“By calling them by name it creates the perception of support when, really, they just happen to be in the room.”
The decorum of a Senate hearing doesn't allow them to protest on the spot, Gaddie said, “so they find themselves in the position of having to defend themselves after the fact.”
Humphrey said most people who have called his office “were just concerned. They were disappointed at what they perceived my position was, but once I explained it, they were fine.”
No one was rude, and, in fact, he said, “some even apologized because they realized I was caught in the crossfire.”
While in Washington, the two police chiefs said they met with Rep. Tom Cole, R-Moore, and Sen. Jim Inhofe, R-Tulsa, to discuss legislation that would tighten laws governing background checks.
“None of us discussed any bans on weapons,” Green said.
Humphrey said the conference was a collaboration of nine nationally recognized professional law enforcement organizations that comprise the National Law Enforcement Partnership to Prevent Gun Violence.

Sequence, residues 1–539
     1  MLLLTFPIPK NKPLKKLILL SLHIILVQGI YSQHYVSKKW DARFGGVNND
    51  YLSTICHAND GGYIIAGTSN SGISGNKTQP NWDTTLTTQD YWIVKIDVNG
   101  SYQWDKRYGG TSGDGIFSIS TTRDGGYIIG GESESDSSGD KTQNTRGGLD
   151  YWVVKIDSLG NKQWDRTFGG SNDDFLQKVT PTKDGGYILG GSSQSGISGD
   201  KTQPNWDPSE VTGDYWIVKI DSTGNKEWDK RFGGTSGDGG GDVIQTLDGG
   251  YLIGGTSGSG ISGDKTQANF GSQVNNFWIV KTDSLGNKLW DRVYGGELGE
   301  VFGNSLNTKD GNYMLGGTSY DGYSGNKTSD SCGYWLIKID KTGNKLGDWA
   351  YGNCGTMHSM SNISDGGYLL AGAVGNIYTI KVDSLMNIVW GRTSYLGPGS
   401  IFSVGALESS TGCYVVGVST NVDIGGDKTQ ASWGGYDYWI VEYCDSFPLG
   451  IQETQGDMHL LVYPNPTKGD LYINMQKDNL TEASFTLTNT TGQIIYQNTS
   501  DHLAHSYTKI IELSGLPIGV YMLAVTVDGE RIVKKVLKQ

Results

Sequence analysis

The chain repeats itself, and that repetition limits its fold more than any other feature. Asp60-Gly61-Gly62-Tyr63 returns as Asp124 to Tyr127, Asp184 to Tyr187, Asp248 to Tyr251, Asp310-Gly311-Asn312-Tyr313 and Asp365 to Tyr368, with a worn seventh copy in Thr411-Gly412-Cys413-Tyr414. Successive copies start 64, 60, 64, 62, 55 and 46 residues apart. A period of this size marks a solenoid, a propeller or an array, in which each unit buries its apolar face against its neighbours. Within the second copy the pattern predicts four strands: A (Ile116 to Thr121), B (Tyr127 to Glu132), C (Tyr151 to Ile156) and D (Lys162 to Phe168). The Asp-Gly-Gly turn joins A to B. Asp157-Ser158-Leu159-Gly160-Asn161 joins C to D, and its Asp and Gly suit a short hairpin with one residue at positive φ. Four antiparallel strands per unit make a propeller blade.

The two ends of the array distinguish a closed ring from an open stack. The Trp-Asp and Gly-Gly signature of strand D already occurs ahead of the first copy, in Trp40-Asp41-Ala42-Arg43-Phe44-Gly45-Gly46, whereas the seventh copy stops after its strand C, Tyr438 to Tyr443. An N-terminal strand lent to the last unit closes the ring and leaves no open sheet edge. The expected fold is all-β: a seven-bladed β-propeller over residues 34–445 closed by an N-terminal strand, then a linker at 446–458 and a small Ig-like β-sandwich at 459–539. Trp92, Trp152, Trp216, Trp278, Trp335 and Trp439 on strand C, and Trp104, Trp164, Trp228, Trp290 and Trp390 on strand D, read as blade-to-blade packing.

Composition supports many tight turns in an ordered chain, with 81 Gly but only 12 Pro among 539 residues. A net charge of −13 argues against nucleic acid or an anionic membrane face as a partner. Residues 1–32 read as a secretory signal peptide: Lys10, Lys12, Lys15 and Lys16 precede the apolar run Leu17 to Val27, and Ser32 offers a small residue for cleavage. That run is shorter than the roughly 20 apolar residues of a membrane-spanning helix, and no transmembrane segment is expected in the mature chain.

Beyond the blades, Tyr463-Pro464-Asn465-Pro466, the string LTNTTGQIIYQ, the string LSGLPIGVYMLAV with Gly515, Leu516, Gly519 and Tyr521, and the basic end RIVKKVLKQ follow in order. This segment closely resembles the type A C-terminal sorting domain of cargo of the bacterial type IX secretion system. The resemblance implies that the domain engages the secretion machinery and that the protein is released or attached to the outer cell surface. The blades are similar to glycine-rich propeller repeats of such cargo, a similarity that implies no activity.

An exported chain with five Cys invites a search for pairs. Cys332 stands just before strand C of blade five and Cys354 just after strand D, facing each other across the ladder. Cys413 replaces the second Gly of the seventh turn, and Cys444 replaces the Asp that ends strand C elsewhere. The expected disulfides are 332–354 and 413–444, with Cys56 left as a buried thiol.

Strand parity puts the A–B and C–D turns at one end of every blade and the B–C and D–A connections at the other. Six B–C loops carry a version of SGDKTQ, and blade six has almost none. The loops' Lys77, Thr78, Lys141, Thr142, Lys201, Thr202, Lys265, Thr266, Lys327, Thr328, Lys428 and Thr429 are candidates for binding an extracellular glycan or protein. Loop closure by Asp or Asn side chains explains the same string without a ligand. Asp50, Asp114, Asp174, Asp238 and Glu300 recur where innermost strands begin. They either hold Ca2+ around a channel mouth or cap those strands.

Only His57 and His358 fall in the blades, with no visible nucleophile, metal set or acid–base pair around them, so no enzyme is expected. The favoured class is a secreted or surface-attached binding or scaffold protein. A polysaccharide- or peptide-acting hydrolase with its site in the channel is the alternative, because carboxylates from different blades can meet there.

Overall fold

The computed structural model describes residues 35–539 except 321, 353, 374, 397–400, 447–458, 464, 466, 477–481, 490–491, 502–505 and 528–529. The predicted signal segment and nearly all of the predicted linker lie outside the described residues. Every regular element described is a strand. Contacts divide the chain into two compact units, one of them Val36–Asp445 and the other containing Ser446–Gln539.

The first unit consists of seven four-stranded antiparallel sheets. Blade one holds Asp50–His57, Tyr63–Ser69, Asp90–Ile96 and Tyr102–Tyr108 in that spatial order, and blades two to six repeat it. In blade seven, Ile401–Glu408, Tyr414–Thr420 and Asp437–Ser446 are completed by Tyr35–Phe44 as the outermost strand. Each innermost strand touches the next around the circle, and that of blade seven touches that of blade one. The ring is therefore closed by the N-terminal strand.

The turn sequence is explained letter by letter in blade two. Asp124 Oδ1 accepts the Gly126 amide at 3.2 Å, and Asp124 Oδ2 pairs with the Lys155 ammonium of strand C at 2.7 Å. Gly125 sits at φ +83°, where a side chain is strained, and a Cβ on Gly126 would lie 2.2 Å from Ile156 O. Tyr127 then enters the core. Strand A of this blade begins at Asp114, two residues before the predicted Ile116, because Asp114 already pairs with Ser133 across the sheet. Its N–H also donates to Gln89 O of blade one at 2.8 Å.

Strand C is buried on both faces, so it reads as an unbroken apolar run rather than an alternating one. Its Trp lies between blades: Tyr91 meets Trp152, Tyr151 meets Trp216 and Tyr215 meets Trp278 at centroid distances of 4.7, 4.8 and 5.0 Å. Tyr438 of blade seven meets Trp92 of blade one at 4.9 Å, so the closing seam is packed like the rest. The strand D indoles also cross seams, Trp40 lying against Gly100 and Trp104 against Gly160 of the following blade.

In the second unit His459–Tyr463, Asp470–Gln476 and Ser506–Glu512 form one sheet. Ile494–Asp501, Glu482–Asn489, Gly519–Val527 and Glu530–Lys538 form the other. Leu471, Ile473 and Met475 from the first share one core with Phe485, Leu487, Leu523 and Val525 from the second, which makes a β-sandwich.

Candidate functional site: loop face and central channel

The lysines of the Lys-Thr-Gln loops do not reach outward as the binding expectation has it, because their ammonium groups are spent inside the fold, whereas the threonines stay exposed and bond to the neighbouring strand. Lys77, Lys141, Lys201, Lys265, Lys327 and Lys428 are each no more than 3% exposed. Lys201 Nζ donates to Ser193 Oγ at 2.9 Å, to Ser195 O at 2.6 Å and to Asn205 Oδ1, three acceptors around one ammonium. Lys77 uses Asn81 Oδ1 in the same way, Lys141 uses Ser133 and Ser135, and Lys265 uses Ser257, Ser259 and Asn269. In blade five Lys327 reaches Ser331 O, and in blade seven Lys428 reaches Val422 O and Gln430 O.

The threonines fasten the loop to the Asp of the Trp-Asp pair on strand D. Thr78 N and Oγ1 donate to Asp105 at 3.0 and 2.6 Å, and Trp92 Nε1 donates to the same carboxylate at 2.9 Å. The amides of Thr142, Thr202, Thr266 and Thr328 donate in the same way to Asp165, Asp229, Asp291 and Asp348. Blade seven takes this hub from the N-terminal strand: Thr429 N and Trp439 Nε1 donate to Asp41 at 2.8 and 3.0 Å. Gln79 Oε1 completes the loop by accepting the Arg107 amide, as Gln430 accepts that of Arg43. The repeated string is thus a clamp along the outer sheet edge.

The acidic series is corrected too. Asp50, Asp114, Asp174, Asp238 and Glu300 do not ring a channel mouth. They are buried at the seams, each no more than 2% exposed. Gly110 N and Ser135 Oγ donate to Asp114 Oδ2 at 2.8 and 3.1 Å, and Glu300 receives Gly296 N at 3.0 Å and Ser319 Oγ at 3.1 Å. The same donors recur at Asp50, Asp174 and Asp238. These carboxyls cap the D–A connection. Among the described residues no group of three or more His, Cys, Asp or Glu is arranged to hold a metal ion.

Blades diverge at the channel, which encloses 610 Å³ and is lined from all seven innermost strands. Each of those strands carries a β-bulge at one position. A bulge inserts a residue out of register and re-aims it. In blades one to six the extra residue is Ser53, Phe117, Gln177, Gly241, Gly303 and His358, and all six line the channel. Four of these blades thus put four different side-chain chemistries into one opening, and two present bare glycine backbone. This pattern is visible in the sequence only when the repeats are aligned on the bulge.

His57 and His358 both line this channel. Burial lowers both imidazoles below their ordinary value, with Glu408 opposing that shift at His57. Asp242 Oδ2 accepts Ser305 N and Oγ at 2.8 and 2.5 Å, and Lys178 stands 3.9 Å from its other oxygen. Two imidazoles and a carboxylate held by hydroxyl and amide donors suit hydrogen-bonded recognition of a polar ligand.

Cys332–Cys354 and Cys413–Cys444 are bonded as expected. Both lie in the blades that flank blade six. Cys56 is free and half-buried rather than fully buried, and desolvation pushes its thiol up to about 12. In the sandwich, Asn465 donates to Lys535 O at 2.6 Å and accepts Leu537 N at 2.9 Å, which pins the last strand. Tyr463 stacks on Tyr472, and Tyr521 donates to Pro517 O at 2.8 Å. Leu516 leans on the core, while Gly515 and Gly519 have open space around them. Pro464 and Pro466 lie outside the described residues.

“Before I accepted an invitation to attend,” Humphrey said, “I made it perfectly clear that my focus would be on enhancement of background checks for criminals and people that have been declared mentally ill. I don't want guns to fall into the hands of the wrong people. That's my concern. Law-abiding citizens are not the problem.”
Both police chiefs said loopholes in the current gun-registration laws allow people to buy weapons at gun shows without background checks. They would like to see that change.
“I'd like the requirements to be equal for anyone purchasing a gun,” Green said.
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